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Is Workplace Trauma the Key to Success?


What if you got fired?

What if you messed up a presentation that was the stepping stone to your next promotion?

What if your boss threw you under the bus for a mistake that wasn’t yours?

Very few of us go through life without some kind of interruption in our careers. And while deep breathing may relieve frustration when you are caught in a traffic jam it won’t make one small dent in the despair and pain you feel upon having your career prospects dashed.

Thriving in your professional life is about more than just coping through these traumatic events—it is about turning tragedy around and making it work for you.

I have worked with countless people who have been able to grow from major career setbacks and have gone on to make their lives better than ever. Their success demonstrates that with desire, personal courage, and the right information, it is possible to make trauma a positive force in your life using Asset-Based Thinking (ABT).

Major stresses require a process that will restore your focus on gaining internal control—in the moment and over the long term. The benefits come from getting out a defensive (and ultimately helpless) posture into a position of power.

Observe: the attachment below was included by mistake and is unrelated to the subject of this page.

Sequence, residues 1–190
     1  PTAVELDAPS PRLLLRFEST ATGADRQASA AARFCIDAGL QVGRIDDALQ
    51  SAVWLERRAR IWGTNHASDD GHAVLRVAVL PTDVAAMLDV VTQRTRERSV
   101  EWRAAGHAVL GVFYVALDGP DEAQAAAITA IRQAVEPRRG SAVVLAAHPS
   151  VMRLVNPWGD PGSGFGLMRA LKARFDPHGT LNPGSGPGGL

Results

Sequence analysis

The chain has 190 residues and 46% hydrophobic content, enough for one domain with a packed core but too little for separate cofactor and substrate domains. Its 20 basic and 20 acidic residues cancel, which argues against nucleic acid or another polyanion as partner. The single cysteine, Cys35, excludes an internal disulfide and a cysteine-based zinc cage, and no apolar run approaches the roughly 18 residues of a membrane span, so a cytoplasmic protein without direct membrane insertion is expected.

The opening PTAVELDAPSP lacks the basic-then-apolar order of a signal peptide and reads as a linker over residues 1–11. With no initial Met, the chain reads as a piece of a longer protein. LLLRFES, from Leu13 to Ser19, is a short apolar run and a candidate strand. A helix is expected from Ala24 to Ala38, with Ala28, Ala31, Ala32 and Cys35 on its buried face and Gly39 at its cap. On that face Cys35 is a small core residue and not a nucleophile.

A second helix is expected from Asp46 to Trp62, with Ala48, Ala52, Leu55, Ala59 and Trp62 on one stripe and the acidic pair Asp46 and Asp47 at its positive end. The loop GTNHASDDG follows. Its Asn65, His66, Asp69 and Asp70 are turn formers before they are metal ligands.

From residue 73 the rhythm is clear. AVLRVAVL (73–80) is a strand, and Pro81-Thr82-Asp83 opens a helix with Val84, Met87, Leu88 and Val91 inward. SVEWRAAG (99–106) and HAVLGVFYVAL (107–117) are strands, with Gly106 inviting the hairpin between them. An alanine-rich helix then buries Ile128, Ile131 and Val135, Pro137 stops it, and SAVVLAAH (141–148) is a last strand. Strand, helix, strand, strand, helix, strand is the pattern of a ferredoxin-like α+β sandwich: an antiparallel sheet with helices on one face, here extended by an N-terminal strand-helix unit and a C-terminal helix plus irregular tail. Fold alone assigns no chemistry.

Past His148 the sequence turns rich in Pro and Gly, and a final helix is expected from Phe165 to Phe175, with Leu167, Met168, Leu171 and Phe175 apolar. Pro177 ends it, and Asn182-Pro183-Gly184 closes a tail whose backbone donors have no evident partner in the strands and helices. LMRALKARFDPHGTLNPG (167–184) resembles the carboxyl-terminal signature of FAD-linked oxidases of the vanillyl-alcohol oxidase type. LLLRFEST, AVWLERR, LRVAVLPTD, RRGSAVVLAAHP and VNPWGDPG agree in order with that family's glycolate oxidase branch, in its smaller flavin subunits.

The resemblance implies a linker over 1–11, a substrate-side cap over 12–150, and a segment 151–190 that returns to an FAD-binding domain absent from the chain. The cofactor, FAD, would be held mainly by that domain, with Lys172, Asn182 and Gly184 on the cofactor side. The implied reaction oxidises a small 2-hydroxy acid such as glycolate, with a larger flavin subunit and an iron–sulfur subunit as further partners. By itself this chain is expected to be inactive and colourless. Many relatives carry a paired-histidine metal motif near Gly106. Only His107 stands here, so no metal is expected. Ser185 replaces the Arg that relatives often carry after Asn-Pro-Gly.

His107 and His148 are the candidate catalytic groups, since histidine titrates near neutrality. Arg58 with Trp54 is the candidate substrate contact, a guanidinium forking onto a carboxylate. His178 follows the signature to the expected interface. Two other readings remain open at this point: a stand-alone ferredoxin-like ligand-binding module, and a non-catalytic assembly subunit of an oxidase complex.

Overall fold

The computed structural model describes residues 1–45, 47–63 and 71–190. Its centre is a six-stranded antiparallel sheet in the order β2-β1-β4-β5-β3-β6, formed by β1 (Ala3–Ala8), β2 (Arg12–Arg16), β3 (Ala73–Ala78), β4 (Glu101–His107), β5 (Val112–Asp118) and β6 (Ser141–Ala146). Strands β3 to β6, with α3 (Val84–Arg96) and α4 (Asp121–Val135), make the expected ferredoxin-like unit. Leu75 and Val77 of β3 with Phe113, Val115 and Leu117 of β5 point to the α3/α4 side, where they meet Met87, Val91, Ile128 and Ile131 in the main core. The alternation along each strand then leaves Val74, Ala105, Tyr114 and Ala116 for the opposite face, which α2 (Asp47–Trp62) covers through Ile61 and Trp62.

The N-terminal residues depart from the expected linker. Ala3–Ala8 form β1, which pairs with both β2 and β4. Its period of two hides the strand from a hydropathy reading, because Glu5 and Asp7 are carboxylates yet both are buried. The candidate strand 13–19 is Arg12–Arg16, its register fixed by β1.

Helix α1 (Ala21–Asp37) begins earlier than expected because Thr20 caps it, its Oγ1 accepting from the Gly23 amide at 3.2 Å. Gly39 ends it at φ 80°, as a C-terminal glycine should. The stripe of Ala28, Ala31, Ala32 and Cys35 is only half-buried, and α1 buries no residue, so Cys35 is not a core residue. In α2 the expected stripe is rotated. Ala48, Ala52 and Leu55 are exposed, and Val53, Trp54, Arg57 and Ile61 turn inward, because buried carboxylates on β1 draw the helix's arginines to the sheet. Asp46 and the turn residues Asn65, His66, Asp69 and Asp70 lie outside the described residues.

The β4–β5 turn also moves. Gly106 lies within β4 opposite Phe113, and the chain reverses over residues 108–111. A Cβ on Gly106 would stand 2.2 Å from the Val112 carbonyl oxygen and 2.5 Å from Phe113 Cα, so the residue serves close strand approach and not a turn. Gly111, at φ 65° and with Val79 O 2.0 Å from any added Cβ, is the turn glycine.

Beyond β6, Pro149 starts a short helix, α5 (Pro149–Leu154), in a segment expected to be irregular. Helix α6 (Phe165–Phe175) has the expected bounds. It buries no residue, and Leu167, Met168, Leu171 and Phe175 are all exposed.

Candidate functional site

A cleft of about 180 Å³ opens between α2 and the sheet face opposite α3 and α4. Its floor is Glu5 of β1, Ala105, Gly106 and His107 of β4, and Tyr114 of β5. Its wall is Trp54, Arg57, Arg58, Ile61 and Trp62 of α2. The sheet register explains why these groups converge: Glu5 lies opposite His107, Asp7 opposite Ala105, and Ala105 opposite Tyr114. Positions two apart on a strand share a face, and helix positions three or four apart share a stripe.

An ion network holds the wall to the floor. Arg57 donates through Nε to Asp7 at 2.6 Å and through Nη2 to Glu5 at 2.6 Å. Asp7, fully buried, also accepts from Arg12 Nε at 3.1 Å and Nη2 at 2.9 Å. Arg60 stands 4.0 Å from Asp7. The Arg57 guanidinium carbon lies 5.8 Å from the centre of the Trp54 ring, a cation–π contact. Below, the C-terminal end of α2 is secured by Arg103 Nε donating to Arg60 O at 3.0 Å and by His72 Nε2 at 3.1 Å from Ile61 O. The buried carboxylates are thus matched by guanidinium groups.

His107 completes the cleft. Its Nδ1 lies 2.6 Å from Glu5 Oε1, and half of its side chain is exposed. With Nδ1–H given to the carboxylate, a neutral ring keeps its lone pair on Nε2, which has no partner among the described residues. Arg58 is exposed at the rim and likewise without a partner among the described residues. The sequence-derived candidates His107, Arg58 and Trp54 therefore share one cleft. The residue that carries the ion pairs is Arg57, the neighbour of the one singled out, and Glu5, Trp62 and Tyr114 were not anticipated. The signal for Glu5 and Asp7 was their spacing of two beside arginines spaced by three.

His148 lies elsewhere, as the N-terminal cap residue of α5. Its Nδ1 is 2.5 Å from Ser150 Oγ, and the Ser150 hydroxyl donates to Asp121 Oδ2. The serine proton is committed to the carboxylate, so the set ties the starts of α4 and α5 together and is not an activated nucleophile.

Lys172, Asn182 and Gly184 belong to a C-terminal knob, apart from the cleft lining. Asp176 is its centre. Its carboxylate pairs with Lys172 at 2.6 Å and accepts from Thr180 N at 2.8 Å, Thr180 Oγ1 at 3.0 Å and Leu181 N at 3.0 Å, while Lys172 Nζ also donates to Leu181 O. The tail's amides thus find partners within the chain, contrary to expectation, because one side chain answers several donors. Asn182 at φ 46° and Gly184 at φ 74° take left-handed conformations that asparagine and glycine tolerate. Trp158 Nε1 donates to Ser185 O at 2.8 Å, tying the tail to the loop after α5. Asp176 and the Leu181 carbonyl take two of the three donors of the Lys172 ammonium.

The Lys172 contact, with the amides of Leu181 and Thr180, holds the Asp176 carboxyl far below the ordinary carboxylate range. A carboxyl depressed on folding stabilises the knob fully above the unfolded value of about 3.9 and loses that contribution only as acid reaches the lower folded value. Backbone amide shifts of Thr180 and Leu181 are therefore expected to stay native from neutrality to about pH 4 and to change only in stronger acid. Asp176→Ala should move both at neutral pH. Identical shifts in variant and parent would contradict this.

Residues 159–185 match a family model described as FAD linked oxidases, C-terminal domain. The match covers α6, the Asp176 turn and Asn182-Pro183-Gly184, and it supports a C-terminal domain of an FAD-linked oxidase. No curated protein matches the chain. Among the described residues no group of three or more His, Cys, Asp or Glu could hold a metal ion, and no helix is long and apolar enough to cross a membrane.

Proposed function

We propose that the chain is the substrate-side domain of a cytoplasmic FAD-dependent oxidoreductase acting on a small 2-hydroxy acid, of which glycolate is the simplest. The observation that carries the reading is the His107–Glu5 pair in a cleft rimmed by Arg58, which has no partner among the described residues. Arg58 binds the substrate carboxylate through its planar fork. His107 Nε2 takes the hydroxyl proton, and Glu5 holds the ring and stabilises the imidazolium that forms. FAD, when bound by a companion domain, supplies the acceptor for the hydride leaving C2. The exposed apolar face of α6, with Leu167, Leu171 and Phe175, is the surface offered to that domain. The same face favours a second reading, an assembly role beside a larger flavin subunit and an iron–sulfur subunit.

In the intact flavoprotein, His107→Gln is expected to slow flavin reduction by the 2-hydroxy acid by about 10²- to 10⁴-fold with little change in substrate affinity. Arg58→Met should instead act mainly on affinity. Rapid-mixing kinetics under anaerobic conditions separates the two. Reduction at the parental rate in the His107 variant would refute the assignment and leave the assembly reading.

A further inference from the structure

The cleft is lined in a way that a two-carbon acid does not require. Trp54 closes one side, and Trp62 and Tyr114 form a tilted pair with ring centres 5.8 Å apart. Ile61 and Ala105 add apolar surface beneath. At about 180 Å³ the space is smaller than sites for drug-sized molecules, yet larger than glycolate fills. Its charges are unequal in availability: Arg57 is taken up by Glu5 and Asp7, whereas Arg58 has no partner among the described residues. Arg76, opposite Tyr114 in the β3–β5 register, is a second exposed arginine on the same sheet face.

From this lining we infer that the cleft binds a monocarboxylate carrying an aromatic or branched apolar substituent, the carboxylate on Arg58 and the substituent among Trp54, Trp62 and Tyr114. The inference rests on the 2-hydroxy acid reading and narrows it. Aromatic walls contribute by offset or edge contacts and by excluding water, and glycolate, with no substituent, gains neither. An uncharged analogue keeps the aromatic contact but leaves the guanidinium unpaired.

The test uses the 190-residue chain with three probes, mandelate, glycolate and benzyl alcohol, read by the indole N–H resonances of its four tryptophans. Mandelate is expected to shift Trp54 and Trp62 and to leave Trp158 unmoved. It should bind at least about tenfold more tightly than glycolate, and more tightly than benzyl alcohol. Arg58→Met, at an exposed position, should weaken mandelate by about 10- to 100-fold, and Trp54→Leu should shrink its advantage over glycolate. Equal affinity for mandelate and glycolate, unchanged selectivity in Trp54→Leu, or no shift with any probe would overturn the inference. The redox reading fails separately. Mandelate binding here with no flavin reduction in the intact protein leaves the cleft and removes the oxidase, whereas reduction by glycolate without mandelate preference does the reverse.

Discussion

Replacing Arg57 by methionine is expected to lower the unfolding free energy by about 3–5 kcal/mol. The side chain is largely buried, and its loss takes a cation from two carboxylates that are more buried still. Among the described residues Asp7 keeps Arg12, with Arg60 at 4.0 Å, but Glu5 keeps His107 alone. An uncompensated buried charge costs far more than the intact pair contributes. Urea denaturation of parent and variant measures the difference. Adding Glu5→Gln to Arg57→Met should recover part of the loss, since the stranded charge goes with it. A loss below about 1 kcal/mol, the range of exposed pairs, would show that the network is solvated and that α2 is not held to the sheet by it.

Your greatest power in the face of adversity is your power to choose how you will react—that’s where Asset-Based Thinking comes in.

How do you choose to see this trauma? As a threat or a challenge?

Learning to see threats as challenges is the first of the four stages of self-empowerment through ABT. The other three are: exploration, invention and transformation.

My next few blog posts will be about these four stages and how they lead you to a position of personal and professional power, a position from which you can not only deal but benefit from the stressful and traumatic situations we all face in the workplace.

Tune in for more on Stage 1: Shifting from Threat to Challenge. Coming soon!

Dr. Kathy Cramer

Kathryn D. Cramer, PH.D.
Founder and Managing Partner, The Cramer Institute